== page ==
Greece is now heading along a path which President Karolos Papoulias, the socialist Pasok party and the conservative New Democracy party - and a significant proportion of the population - had all hoped to avoid.
After days of uncertainty following the inconclusive elections on 6 May, the country now faces weeks of instability as the different political parties campaign once again in what is likely to be a bitterly contested election.
The vitriolic atmosphere in which the final round of all-party talks for a technocrat government broke down on Tuesday does not bode well for the coming campaign.
Shortly after walking out of the talks, the main political leaders appeared on national television accusing each other of sabotaging the attempts to form a government.
The leader of New Democracy, Antonis Samaras, described the left-wing parties as "irresponsible and arrogant".
Then Alexis Tsipras, of the radical left-wing Syriza party, was on television accusing Mr Samaras and the leader of Pasok, Evangelos Venizelos, of trying to coerce his party into joining a coalition or holding an election "in a climate of blackmail and insecurity".
Opinion polls had suggested that a majority of the population wanted the politicians to compromise so a second election would be avoided.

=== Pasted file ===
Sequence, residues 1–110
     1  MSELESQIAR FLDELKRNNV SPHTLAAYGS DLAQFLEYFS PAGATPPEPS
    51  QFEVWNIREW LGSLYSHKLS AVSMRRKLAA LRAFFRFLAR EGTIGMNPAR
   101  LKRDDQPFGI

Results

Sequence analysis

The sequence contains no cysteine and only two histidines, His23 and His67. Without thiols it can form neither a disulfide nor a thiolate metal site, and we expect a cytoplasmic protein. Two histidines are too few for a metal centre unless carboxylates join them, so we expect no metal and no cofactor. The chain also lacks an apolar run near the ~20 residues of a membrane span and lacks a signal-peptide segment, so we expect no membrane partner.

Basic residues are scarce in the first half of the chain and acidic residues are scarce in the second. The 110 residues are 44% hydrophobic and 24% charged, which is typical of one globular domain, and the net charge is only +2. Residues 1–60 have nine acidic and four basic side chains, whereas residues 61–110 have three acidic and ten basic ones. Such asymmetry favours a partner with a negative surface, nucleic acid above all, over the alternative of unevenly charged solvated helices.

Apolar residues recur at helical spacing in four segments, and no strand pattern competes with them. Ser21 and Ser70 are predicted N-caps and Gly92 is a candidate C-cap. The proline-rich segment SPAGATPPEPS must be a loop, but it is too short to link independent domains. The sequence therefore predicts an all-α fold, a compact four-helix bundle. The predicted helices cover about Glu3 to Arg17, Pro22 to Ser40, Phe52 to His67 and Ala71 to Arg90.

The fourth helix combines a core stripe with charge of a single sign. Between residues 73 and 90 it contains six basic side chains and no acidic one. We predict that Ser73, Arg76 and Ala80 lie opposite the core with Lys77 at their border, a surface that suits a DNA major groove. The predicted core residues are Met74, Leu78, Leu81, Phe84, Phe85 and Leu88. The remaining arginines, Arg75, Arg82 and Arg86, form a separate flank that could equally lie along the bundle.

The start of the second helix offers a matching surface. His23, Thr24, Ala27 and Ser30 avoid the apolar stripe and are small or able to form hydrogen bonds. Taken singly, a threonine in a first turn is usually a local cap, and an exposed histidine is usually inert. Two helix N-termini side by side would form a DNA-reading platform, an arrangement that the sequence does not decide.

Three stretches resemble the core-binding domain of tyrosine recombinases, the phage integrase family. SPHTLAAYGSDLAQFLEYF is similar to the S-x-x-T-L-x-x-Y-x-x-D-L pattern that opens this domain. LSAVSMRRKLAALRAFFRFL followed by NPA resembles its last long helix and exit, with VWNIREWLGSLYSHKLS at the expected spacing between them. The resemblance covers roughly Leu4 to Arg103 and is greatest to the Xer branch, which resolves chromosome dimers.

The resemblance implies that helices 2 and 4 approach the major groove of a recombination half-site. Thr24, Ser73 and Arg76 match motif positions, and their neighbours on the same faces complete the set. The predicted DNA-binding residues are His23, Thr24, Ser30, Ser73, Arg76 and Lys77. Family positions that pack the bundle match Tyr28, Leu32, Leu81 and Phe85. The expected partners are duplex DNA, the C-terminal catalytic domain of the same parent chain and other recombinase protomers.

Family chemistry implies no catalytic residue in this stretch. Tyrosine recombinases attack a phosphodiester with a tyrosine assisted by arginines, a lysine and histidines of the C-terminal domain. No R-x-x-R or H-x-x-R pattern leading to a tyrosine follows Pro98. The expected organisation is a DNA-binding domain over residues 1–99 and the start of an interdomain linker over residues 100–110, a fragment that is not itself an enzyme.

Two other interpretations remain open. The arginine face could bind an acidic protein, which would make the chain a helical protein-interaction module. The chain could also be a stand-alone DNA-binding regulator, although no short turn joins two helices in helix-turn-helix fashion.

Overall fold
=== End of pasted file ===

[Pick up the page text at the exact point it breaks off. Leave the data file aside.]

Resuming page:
And, on the streets of Athens on Tuesday, there was disappointment that the talks had collapsed.
Some believe the second election may also be inconclusive with no outright winner, leaving the country once again without a government.
Others fear the prolonged instability will further damage the markets.
But the attempt by Pasok and New Democracy to create a coalition government and so avoid another election was not motivated solely by a belief this would be better for the country and by a determination to ensure it remain in the eurozone.
Both parties have been on a downward slide and have little desire to face the electorate so soon after being humiliated in the 6 May vote.
In contrast, Syriza and other radical, anti-austerity parties have enjoyed a spectacular rise in popularity and could even take power after the second election.
Recent opinion polls have all shown Syriza ahead of both Pasok and New Democracy, but probably unable to form a government on its own.
There are, however, several anti-austerity parties it could approach to form a coalition.
Ditching the drachma?
So it is possible that next month Greece will have a government which is determined to completely rewrite the terms of the bailout agreement the country signed with the EU and IMF earlier this year.
And that, in turn, could lead to Greece leaving the eurozone.
But much could change between now and the next election.
The pressure on Greece from Brussels and eurozone countries is already intensifying with statements that the vote next month will, in effect, be a referendum on whether to remain part of the single currency.
The vast majority of Greeks do not want a return of the drachma.
And in the midst of this double crisis - both political and economic - Greece has to fulfil its commitments to implement further spending cuts as part of the bailout agreement.
This must be done next month, which is already set to be a key moment in the country's history.